She say, My first step from the old white man was trees. Then air. Then birds. Then other people. But one day when I was sitting quiet and feeling like a motherless child, which I was, it come to me: that feeling of being part of everything, not separate at all. I knew that if I cut a tree, my arm would bleed. And I laughed and I cried and I run all around the house. I knew just what it was. In fact, when it happen, you can't miss it.

Foxfire is a film, based on a book by Joyce Carol Oates, about a group of girls in high school who meet in unity to stop a male teacher from sexually abusing them and others. After physically confronting him, the loyalty they feel to each other grows as does their embracing of sisterhood and the will to fight back. I absolutely loved the uncompromising attitudes against men's abuse of women in this film. It did have it's drawbacks, though, in that like many "mainstream films", there was unnecessary sexualization of female characters. A favorite quote:
If you ever put your hands on me again, I'm gonna snip your little nuts off with my toenail clippers!

Friday, February 17, 2012

"Politically Correct" vs. Politically Opposed

In the early days of my being politicized, I spent time with people in a subculture which can be summed up with the title “anti-authoritarian punk.” A favorite activity of people in this group was to bash something they called “political correctness.” At almost every gathering I attended—without fail—hours would be spent snickering and bad-talking the notion of being politically correct, and ostracizing activists accused of subscribing to that notion.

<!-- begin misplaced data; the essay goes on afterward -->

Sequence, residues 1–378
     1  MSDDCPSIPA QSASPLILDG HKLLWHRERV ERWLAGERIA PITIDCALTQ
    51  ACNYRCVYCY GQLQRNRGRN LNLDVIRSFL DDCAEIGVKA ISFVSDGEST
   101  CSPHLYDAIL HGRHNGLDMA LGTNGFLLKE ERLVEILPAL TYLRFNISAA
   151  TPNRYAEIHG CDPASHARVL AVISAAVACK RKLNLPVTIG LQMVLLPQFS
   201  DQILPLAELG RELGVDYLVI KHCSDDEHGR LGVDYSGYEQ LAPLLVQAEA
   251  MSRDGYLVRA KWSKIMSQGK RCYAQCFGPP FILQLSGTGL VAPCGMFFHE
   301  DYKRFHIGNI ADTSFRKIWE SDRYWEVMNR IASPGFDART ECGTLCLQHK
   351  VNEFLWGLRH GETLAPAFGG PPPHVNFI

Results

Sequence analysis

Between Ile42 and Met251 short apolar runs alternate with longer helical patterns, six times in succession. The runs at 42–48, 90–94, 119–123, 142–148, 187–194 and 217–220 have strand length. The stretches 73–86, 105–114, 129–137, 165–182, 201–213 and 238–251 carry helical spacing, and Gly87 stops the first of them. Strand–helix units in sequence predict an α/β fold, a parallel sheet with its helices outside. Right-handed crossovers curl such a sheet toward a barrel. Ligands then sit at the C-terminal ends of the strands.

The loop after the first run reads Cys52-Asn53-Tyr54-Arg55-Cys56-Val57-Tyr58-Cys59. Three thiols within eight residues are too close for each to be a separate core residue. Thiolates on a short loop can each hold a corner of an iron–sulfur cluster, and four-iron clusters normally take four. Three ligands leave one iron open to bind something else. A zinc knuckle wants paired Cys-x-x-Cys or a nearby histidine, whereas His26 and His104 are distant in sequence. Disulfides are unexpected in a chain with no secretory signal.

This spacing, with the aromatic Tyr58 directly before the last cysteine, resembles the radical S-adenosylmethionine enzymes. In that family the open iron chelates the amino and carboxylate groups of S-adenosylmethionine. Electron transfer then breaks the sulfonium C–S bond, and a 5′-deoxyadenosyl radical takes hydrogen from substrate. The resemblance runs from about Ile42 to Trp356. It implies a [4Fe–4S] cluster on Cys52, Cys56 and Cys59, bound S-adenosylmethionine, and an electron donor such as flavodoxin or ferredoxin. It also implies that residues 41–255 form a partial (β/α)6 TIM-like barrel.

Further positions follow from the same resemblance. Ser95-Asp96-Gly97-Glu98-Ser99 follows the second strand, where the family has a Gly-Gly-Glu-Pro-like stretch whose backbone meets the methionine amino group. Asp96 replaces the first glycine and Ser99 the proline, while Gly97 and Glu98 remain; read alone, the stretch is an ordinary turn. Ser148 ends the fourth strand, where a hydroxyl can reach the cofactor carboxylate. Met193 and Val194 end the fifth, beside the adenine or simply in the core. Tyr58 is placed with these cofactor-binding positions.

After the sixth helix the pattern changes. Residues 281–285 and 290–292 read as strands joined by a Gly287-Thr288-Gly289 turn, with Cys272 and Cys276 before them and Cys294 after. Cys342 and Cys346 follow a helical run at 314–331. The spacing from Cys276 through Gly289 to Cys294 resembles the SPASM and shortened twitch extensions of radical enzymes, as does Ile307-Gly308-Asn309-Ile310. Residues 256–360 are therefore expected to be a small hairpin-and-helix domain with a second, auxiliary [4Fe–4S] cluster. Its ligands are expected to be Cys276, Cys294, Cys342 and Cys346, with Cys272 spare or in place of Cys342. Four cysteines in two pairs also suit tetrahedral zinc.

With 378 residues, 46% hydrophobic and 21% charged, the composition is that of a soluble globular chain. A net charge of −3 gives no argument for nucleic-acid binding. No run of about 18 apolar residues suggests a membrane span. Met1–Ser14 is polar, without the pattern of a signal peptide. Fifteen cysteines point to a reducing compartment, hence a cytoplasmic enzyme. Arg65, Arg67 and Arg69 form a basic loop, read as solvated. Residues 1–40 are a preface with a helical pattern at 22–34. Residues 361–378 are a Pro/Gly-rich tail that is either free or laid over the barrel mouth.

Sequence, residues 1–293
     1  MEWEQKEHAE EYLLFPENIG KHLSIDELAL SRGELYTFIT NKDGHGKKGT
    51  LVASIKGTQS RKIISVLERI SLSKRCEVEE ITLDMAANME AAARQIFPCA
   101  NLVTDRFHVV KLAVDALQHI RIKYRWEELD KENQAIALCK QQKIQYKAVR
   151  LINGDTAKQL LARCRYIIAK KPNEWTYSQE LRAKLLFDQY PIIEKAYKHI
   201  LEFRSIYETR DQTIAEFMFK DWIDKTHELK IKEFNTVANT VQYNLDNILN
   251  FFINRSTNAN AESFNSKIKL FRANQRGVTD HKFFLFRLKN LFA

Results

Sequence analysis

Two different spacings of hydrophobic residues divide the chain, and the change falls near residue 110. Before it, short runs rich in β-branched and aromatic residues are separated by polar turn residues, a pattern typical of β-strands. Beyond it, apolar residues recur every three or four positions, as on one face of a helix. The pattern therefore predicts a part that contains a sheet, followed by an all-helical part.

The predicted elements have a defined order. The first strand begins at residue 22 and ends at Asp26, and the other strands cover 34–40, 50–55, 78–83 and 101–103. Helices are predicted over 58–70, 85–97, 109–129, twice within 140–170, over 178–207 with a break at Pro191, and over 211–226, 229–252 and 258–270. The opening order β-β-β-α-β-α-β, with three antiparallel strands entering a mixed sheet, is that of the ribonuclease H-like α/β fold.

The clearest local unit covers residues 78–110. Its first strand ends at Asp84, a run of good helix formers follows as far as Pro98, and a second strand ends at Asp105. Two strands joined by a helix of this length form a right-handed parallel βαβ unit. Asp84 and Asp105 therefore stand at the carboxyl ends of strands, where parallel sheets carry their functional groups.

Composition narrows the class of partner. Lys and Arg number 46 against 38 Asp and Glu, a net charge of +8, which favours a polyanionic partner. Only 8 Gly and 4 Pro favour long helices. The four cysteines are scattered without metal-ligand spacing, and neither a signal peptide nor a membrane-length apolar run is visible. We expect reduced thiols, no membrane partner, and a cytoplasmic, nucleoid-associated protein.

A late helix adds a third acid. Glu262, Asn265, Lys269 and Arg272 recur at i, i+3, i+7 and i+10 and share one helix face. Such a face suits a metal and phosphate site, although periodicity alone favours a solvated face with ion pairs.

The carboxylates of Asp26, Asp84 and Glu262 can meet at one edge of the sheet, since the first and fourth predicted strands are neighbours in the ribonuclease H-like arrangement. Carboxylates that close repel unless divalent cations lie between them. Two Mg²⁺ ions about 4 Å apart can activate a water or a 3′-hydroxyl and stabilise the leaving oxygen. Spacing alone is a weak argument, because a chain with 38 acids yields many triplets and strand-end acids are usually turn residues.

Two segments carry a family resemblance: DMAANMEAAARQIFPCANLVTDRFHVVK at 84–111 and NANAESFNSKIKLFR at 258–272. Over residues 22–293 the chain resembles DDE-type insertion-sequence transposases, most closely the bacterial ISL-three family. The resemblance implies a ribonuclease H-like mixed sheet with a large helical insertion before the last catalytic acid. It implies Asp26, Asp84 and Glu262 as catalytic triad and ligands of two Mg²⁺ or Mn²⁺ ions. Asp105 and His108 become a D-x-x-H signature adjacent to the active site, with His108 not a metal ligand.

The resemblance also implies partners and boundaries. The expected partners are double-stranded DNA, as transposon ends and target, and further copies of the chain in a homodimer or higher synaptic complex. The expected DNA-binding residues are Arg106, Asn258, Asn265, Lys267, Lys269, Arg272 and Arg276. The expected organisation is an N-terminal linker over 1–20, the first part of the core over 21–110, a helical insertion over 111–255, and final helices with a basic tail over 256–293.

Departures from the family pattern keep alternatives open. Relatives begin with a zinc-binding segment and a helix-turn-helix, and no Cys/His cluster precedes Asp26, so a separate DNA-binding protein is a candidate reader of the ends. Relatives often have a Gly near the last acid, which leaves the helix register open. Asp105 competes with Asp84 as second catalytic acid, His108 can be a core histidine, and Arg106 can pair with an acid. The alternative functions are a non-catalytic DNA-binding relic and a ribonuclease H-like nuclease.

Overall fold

As I understand it, the argument went that political correctness, or “P.C.,” was apparently a plot by some do-gooders to censor everyone else and prevent them from saying and doing what they want (for example using infamously common hate speech against women and people of color). The battle they claimed to be fighting was one of retaining the “freedom” to “shock” people, because, in the end, the ultimate goal is one of breaking social conventions rather than justice.

Later in my life, having been an activist and a radical for several years, I now see the whole subculture of “anti-authoritarian punk” as having been entirely entrenched in, and supportive of, the privileges that come with being a beneficiary of sadistic arrangements of power (be it white supremacy, patriarchy, or capitalist exploitation).

Historically, those in power have had to objectify others—made into “capital O” Others—before they could exploit them. When I think of the people I knew in this “anti-P.C.” camp, I am generally overcome with disdain and rage, because they are simply a new face doing the same objectification. Their effect on social justice movements is not benign, but a significant part of the problem. Oppression is effectively normalized by their brand of “freedom to” rhetoric, thus duping disenfranchised youth and others who stumble upon this sentiment to buy into the thrills of breaking boundaries instead of realizing their potential to make the world a better place and then plugging into projects and communities of righteousness.